For the purposes of this article, we only need to use then. Chaining multiple then methods allows us to perform successive operations on a resolved Promise. For example, a typical pattern for fetching data with then might look something like this:

fetch(url)
  .then((response) => response.json())
  .then((data) => {
    return {
      data: data,
      status: response.status,
    };
  })
  .then((res) => {
    console.log(res.data, res.status);
  });

async And await

By contrast, async and await are keywords which make synchronous-looking code asynchronous. We use async when defining a function to signify that it returns a Promise. Notice how the placement of the async keyword depends on whether we’re using regular functions or arrow functions:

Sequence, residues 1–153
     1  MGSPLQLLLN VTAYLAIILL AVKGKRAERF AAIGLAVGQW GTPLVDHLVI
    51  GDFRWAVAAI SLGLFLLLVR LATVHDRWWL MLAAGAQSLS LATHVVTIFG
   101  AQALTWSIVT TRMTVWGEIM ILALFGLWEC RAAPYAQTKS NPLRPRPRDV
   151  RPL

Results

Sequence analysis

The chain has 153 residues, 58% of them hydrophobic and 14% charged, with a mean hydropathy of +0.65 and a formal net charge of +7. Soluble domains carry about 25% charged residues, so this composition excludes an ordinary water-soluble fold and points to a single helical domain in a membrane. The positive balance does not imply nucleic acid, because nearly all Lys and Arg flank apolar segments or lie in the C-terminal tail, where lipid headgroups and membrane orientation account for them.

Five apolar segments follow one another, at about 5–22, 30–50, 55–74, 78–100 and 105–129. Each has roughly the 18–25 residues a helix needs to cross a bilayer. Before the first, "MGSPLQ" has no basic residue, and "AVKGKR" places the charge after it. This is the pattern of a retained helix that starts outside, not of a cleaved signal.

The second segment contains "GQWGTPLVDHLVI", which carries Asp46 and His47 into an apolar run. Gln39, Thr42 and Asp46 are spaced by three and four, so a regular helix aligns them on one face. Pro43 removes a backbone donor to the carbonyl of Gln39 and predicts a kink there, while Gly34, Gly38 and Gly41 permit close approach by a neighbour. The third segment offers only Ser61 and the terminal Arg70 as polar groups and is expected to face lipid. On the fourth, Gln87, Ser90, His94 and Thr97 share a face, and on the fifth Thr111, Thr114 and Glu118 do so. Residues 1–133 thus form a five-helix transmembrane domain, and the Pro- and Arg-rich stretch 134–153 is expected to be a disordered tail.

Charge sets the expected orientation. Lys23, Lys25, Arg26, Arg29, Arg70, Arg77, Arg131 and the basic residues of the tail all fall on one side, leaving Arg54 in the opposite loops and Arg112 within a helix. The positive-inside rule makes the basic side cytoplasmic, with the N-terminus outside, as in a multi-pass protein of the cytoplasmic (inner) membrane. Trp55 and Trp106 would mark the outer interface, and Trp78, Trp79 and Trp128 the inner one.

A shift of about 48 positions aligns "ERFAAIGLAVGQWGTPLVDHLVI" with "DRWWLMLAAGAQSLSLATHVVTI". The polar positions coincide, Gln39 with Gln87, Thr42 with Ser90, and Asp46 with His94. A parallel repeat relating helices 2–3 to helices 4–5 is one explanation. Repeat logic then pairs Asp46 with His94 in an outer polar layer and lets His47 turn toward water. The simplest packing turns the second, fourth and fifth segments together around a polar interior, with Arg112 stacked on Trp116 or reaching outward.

async function doSomethingAsynchronous() {
  // logic
}

const doSomethingAsynchronous = async () => {
  // logic
};

await, meanwhile, is used before a Promise. It pauses the execution of an asynchronous function until the Promise is resolved. For example, to await our greeting above, we could write:

async function doSomethingAsynchronous() {
  const value = await greeting;
}

We can then use our value variable as if it were part of normal synchronous code.

As for error handling, we can wrap any asynchronous code inside a try...catch...finally statement, like so:

async function doSomethingAsynchronous() {
  try {
    const value = await greeting;
    console.log("The Promise is resolved!", value);
  } catch (e) {
    console.error("The Promise is rejected!", error);
  } finally {
    console.log(